Main Article Content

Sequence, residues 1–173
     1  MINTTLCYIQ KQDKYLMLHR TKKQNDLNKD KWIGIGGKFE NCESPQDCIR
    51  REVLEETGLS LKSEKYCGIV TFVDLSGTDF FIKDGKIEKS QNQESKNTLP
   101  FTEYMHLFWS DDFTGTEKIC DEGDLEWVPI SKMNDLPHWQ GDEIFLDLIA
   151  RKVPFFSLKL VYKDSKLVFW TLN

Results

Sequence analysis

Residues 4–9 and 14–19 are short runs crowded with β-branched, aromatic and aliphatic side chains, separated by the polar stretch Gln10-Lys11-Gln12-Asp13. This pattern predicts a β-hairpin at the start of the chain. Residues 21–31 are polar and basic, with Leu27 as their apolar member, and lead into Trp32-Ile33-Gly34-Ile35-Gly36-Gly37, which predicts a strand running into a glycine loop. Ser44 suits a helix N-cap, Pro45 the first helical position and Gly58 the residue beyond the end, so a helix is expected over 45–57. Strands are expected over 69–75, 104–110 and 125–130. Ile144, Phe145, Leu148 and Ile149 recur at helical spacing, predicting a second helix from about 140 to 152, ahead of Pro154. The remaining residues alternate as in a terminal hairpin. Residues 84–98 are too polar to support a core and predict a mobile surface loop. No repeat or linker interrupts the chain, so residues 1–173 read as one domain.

Internal Medicine is in a phase of growth determined mainly by the modification of hospital demography, hyperspecialization and the threat to the sustainability of the system induced by the costs of innovation. In Portugal we have a privileged situation in the European context, because we have been able to preserve the generalist nature of Internal Medicine, unlike the countries of Central and Northern Europe, which have opted for double titration and where most internists have a medical subspecialty. However, the way we are currently organized to care for our patients is no longer adequate: in hospitals we need large departments for acute medical patients managed by the internists, the co-management of patients in the surgical services should be implemented as well as units of Ambulatory Medicine, which bring together day hospitals, rapid diagnostic units, home hospitalization programs and integrated care units, in order to reduce emergency admissions and create alternatives to hospitalization. The need for internists has grown faster than their training so we need more internists and a greater appreciation of our work, because Portuguese internists have quality, are flexible, efficient and multipotential, and these qualities are increasingly necessary for the future of care to chronic patients.